A movie clearly depends completely on its causes and conditions. It is none of those causes and conditions either individually or collectively, yet take even one away and it disappears. It has no power to exist from its own side. The same is true of life.

When I was living in San Francisco I visited the set of Pixar with a friend, T., who was working on Ratatouille. My mind boggled at the number of causes and conditions going into producing a 90-minute animated movie – thousands of skilled people, several years, and seemingly never-ending still drawings and sculptures both traditional and computerized. In The Incredibles, there is a typical teenager called Violet, who is characterized by hiding behind a large fringe of hair, until she gains confidence (helped no doubt by saving the world with her superpowers) and the hair gets tucked back. During this whole eye-opening visit to Pixar, the thing that struck me most was learning that one of T’s friends had worked for three years on … get this… pretty much just Violet’s hair! Violet from the Incredibles and Kadampa Life

If we really examine it, we can see that our own hair has also risen and continues to arise in dependence upon numerous causes and conditions – both physical and karmic – going back a very long way. Even just one moment or freeze frame of our hair depends on genes coming from our parents and their parents etc, and karma we have created – and moment by moment these causes and conditions continue to evolve to produce moment after moment of hair (or hair loss).

Countless causes and conditions have also gone into the scene I am witnessing right now. I am sitting at my desk writing on a PC with a splendid cappuchino from the World Peace Cafe downstairs, looking out onto a park that is vividly green with flashes of rhodedendrom colour, half-sunshine/half clouds and a sky close enough to touch, magpies hopping about on the branches, goslings on the lake, and people kicking a football… Remove any one of these causes and conditions – the desk, the park, the sunshine, even the football — and the scene is a new one. If I was to look for anything really happening, from its own side, as in the movies, I would find nothing – none of the causes and conditions is this scene, but remove even just one of them and this particular scene dissolves.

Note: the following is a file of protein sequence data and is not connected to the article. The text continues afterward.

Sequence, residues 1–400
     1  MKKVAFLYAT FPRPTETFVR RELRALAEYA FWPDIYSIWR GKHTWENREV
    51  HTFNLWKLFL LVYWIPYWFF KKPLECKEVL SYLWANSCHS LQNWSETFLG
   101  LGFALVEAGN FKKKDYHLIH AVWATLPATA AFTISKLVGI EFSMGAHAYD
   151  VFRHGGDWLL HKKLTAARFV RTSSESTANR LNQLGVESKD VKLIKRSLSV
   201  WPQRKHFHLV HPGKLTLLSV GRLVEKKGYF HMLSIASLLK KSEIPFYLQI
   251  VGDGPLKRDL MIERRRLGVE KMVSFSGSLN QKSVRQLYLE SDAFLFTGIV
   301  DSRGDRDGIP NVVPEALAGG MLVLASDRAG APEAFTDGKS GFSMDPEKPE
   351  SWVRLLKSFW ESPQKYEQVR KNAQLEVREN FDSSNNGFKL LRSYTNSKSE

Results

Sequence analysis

goslings in Sefton Park Kadampa Meditation Centre Liverpool(In a few days, all the causes and conditions for my sitting here in Liverpool will have been used up. New causes and conditions will be kicking in to produce new effects as life unfurls … )

Everything is illusion-like according to the Buddhist Madhyamika view of reality. Even though it appears to, nothing exists inherently, from its own side. In Guide to the Bodhisattva’s Way of Life, Shantideva says:

Provided all the necessary conditions are assembled,
Even an illusion will come into being.

Illusions like movie characters appear in dependence upon causes and conditions, and so do we.

Different types of cause
Give rise to different types of illusion.

We take one rebirth after another in dependence upon particular causes and conditions, and Mad Men comes into being in dependence upon different causes and conditions. There is no single cause that can give rise to the infinite variety of different effects. A movie may not last as long as us, but this is no proof that we are more existent from our own side – or it would follow that a dream of long duration was more valid than one of shorter duration.

sowing seeds of love karmaI can tell I’m being manipulated by the acting in Mad Men — the fake smoking and the fake sex and the fake attitudes. Not that it isn’t well acted; it is just that sometimes you can’t help seeing through things, you can see they are staged. Just like a movie, all the causes and conditions of my life effect an appearance that I get sucked into as real, even though this reality is just a set-up, a projection of my ignorance. How great it will be to see through the seeming permanence of every scene in my life to see that it is changing moment by moment in dependence upon causes and conditions. How great it will be to see through the veneer of my current reality to see that it too is fake, artificial, Drapersmile-lg1appearances pretending to be something solid and “out there”. We already are the designers, producers, and directors of our own reality. Once we realize this, we can design, produce, and direct a life we actually want!

Postscript 3 years later: Who thought Mad Men would end with Don Draper meditating?! There is hope for us all.

Do you like change?

change 1

This continues from the article “Do you ever feel discouraged?

making the most of changeIf someone were to ask you: “Do you want to be exactly the same person, in the same situation, in the same moods, in 5 years’ time or even 10 years’ time?”, chances are you’d think, “Heck, no!”, especially if you understand your potential for happiness and think about the number of irritants you currently have in your life.

So one part of us wants to change.

The other part of us hates the idea. “You’ve got to move.” “No, I don’t want to move.” Our partner starts changing, or our kids start changing, or our job changes, and it makes us nervous, it unsettles us. Not to mention our fear of death, our own and that of others close to us.